Many of the people sacrificed in ritual killings more than 3,000 years ago in China were enslaved prisoners of war, archaeologists say.
Their skeletons, buried at the ancient Yinxu archaeological site, tell a story of victims in a foreign land who survived at least a few years before being killed. Scientists studied the composition of their bones to reconstruct their diets, a study in the Journal of Anthropological Archaeology said, to determine their origin. That involved looking at the elements present in the bones of 68 human sacrifices — rather than their teeth because they had been decapitated — and comparing them to the remains of a few dozen locals from the same ancient place. The results suggest the victims “moved to Yinxu and adopted the local diet for at least a few years before being killed.”
The human sacrifices lived during China’s Shang Dynasty, which ran roughly 1600 B.C. to 1000 B.C., during the early Bronze Age. About halfway through the dynasty, the kings took residence at what is now the city of Anyang in Henan province in eastern China. That Shang capital was the ancient city Yin — today’s Yinxu historical site is what remains of it.
The World Heritage Convention says the Yin ruins are a record of “the golden age of early Chinese culture, crafts and sciences, a time of great prosperity of the Chinese Bronze Age.” They include palaces, royal tombs, shrines and numerous artifacts.
The researchers, who studied the human sacrifices, said ritual killings of both people and animals was not uncommon during this period of Chinese history. But their analysis speaks to the origin of the human victims and their social roles.
“Although oracle bone inscriptions from the site of Yinxu mentioned that many of these victims were war captives, little archaeological evidence could support or confirm this assertion,” the study said. But their change to the local diet only a few years before their deaths and the fact that their diets were “more restricted” while they were at Yinxu suggests the inscriptions were true, that these people were prisoners of war kept as slaves.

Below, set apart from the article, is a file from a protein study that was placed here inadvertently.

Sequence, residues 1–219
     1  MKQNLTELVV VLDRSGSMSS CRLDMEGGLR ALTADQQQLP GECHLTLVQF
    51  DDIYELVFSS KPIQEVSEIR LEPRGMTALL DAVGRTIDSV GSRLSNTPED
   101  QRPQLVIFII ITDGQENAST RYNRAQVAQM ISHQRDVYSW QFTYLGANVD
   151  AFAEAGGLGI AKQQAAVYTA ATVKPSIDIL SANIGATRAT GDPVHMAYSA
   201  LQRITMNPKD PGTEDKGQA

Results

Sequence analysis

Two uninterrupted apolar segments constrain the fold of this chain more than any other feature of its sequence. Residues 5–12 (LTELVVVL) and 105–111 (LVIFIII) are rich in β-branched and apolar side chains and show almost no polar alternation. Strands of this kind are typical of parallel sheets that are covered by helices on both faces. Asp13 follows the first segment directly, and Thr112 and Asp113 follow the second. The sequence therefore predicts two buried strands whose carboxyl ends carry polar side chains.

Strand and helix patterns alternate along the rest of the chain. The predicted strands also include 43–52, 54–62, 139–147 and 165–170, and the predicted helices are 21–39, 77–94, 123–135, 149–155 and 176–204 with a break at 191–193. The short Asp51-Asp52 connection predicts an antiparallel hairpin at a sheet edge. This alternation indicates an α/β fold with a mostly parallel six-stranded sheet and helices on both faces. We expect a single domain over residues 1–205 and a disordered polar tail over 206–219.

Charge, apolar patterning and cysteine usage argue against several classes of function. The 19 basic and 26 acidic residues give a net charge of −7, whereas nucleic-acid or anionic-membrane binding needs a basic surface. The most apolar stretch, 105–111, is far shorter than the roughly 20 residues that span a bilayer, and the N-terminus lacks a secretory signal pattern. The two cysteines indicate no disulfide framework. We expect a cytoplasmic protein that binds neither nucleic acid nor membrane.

A report on the research said the victims were buried in the city’s royal cemetery as well as other places, which supports the idea that they were considered members of different classes. Experts previously have demonstrated the victims were either “rensheng,” who were mutilated and buried in mass graves, or “renxun,” who were buried individually — a sort of upper class of human sacrifices. All but one of the skeletons analyzed in this study were rensheng.
“The victims were kept as a store of sorts, allowing the king to call for sacrificial rituals even during times of peace,” the report said.
Ancient Chinese nations were not the only ones to practice ritual killings. The Aztecs in Mexico sacrificed thousands of people to the sun, and archaeologists recently found the bones of two human sacrifices beneath an ancient South Korean palace, likely killed to guarantee the construction’s success for the kingdom. There also have been cases of servants being buried alive with dead kings to attend to them in the afterlife.
This study says the information about the human sacrifices’ origins speaks to life and rule during this important period in Chinese history: “This discovery has significant implications for understanding the various tactics used by the Shang kings to consolidate power over their subjects, including the display of violence through mass sacrificial rituals.”